Pieces of an asteroid are currently hurtling through space towards the Earth.
They're headed straight for the Australian outback, and they're due to land on Sunday, December 6.
They've come from an ancient asteroid, older than the planets themselves, and in past eras, objects like it helped make the Earth into the living planet it is today.
Those pieces of an asteroid are safely stored inside a spacecraft, the Japan Aerospace Exploration Agency (JAXA) Hayabusa2.
If all goes to plan, their impact onto the Woomera Testing Range will be a gentle one.
It will be the second time anybody has successfully returned a sample from an asteroid, and the first time one will be returned from an asteroid rich in water and the carbon-based building blocks of life known as organics.
The target asteroid had been unmemorably named 1999 JU3, but it's since been dubbed Ryugu, after a dragon's underwater palace from Japanese folklore.
In the story, a fisherman is taken to Ryugu by a turtle and returns with treasure from the ocean palace, much like Hayabusa2 from our asteroid. If it's a palace though, it's one in ruins. Ryugu appears to be a "rubble-pile" roughly 900m across, an assemblage of boulders only just holding itself together.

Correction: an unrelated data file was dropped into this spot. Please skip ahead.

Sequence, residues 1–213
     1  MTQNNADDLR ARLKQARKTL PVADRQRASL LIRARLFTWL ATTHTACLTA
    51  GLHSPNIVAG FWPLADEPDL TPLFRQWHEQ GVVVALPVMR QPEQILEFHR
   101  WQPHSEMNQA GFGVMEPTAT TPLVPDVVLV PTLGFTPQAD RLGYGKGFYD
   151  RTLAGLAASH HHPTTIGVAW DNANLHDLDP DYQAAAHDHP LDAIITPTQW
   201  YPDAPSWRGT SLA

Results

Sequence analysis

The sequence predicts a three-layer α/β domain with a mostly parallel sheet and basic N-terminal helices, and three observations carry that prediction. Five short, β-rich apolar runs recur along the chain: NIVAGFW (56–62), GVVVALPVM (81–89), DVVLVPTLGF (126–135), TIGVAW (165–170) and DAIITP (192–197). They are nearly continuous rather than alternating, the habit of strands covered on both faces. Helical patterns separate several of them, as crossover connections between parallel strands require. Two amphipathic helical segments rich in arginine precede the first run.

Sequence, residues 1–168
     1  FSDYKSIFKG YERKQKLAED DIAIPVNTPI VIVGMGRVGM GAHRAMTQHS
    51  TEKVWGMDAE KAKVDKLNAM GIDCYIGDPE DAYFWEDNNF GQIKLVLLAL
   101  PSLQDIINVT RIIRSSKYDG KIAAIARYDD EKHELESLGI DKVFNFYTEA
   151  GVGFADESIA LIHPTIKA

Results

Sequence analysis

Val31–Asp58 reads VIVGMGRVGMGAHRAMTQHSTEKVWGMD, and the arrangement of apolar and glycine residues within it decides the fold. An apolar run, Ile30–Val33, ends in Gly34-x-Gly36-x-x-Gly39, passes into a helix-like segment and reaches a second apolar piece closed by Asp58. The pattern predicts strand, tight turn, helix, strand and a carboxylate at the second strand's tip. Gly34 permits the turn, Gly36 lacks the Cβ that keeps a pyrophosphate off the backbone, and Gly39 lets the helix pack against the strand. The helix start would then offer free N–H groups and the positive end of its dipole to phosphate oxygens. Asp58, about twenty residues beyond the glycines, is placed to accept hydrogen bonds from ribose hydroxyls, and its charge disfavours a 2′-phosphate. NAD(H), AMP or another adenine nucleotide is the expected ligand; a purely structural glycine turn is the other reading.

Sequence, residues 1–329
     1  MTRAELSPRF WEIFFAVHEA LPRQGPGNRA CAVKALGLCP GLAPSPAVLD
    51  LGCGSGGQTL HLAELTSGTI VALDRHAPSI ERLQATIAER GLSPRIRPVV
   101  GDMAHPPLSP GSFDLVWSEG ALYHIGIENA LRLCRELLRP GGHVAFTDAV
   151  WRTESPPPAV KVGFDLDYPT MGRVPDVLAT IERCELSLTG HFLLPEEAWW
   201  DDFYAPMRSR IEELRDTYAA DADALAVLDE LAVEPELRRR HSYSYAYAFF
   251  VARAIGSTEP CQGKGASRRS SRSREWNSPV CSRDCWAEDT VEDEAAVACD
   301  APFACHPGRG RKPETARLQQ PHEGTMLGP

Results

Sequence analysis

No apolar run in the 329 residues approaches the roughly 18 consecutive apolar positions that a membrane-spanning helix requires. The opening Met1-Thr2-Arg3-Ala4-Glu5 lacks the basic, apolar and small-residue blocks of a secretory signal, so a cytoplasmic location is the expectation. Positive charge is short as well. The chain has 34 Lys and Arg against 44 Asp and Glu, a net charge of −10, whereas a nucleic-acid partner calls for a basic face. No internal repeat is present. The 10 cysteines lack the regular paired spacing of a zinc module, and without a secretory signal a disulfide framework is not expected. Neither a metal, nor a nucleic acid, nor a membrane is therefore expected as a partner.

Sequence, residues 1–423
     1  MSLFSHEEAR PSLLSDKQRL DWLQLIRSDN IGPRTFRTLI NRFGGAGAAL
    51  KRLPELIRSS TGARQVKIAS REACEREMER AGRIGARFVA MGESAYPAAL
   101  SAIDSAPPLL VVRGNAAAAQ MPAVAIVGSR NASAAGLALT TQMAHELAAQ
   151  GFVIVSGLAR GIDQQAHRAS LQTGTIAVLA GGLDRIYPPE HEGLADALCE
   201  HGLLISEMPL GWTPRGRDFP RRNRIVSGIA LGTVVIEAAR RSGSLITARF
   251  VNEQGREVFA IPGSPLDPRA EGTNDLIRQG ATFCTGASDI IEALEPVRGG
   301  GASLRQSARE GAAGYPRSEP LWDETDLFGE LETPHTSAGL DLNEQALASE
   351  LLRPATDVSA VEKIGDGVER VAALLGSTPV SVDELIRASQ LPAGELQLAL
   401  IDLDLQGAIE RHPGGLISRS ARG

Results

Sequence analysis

Asteroids like it are thought to have originally been part of larger worlds formed from a mixture of ice and rock (i.e. mud), beyond the present-day asteroid belt. But if they formed all the way out there, what could they have to do with the Earth's history?
The gravity of the gas giants, Jupiter and Saturn, sculpts the orbits of objects around them like fingers in spinning clay, gathering clusters of tiny worlds here, emptying regions of space there.
When the Solar System first formed, the orbits of the gas giants were still shifting and as they moved they flung many water-rich worlds into the inner planets.
Exactly how much of the Earth's water arrived this way is still debated, but it may well be that most of our oceans, clouds, and rivers owe their presence on Earth to asteroids like Ryugu.
They also helped deliver the oily organics, that stuff that would become life, to the inner Solar System.
In meteorites thought to be similar to Ryugu, organic chemicals as complex as amino acids can be found.
That doesn't mean life began on asteroids, but the ingredients of life as we know it were raining down on Earth, Mars, and Venus very shortly after they formed.
The gas giants still fling rocks from the asteroid belt at us, although much less often these days.
The giants squeeze asteroid orbits until they begin to pass close by the Earth, where they become known as near-Earth asteroids (NEAs) and, if they actually hit the Earth, then they're called meteorites.
Exactly where in the asteroid belt the different meteorite types come from is still an open question, but sample return missions like Hayabusa2 will help answer exactly that, helping us to build a geological map of the Solar System.
Hayabusa2 is set to pass close by the Earth on December 6.
It will jettison its sample return case, which will land in Woomera to be picked up by Japanese and Australian scientists.
This treasure trove from Ryugu will reveal fascinating insights into the history of the Solar System, the Earth, and the beginnings of life itself.
- Geoff Bonning is a PhD Candidate in Cosmochemistry at the Research School of Earth Sciences at the ANU